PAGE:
EDIT: I just noticed that I read the question wrong, you was referring to stereo width as oppose to stereo effect, I'll leave the answer here anyways in hopes of it being useful in any way.

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I have listened to the sound at 1:30.

What we really need to understand is not the name of the effect you want, but the fundamental principal at work here.

To get stereo width, you want to introduce asymmetry into the left and right channels for a particular sound. This can be done with chorus, a stereo width plugin, or manually. I find that manually creating stereo width can have the best effects.

So to try and achieve that sound, I recommend doing it manually. This involves the following steps.

  1. Make your synth.
  2. Duplicate it.
  3. Pan one all left pan one all right.
  4. Make left and right different.

So the magic will actually be in step 4. How do you want to make it different? You can pitch the left and right up or down very slightly. Or you could even use different EQing on the left and right.

OR

What I think is being done in this case, is that one track is slightly delayed. Ableton, for example, lets you specify a ms delay for any track. I recommend specify a slight delay in the left or right channel by 10 - 50 ms. Also you might want to try to EQ the left and right differently. Try giving a bump around 10khz for one channel.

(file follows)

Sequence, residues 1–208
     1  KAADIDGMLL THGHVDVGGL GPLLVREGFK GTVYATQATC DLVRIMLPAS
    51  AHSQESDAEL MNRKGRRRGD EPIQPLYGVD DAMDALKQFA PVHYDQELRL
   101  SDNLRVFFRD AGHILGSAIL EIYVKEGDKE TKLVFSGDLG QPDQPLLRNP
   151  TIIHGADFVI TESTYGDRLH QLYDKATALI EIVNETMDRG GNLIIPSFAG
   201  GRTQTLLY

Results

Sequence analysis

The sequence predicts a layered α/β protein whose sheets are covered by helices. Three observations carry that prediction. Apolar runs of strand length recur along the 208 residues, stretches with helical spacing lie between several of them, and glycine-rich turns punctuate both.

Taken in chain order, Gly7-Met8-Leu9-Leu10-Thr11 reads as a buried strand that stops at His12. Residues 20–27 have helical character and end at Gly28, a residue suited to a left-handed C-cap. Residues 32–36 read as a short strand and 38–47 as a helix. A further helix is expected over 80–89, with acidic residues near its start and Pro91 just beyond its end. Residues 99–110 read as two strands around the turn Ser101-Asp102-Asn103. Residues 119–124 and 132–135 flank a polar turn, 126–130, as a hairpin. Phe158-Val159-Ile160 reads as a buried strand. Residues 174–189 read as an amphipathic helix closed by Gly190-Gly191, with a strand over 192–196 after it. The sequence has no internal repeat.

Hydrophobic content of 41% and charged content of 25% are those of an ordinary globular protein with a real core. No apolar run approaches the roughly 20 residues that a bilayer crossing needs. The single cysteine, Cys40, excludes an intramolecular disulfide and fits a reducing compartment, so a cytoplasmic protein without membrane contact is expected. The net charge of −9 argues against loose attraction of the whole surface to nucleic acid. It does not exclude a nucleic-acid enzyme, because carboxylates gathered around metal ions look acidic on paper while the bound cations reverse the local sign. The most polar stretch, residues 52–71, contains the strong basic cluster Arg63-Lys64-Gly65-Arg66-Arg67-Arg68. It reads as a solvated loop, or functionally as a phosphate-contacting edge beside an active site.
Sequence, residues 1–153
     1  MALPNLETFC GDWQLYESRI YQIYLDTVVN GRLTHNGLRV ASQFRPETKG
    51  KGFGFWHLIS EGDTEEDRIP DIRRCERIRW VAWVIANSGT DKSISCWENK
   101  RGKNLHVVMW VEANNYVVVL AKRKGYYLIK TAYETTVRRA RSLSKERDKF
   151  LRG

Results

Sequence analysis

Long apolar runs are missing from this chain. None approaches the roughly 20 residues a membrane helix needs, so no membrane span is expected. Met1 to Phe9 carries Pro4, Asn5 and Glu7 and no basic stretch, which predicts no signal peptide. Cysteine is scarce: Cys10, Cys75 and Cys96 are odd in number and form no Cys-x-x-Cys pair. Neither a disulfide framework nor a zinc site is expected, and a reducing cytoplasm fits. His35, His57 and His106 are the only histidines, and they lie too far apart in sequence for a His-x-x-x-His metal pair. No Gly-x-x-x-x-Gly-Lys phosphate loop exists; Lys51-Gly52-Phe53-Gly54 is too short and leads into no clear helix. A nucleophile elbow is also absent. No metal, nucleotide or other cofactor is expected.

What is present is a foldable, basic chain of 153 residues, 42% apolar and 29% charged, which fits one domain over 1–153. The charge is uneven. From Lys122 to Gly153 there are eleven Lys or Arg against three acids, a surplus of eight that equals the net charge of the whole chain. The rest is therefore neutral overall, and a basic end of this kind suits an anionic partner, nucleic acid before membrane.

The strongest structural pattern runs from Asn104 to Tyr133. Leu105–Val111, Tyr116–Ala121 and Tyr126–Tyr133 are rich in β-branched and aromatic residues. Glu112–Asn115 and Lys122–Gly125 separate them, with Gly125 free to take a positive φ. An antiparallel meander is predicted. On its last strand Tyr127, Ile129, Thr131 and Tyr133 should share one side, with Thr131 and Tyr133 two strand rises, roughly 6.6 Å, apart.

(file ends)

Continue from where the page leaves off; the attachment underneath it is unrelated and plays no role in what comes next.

EDIT: After more listens I even think that the left and right channel have slightly different synth patches. So they started with the same synth patch, panned one instance left and right, then changed parameters of one synth like ADSR and filter resonance.

But really what you need to remember is that stereo width is achieved by introducing asymmetry in the left and right channel.

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Another possible technique to consider: make one note dry, and give the other a small amount of stereo reverb. The amount of stereo reverb can be very small (so the difference is not that easy to hear) yet still function to spread out the sound.

I think that a chorus effect can also spread out a synth across a panning region, but the image may not be as stable--it might want to move around a bit depending on the chorus settings.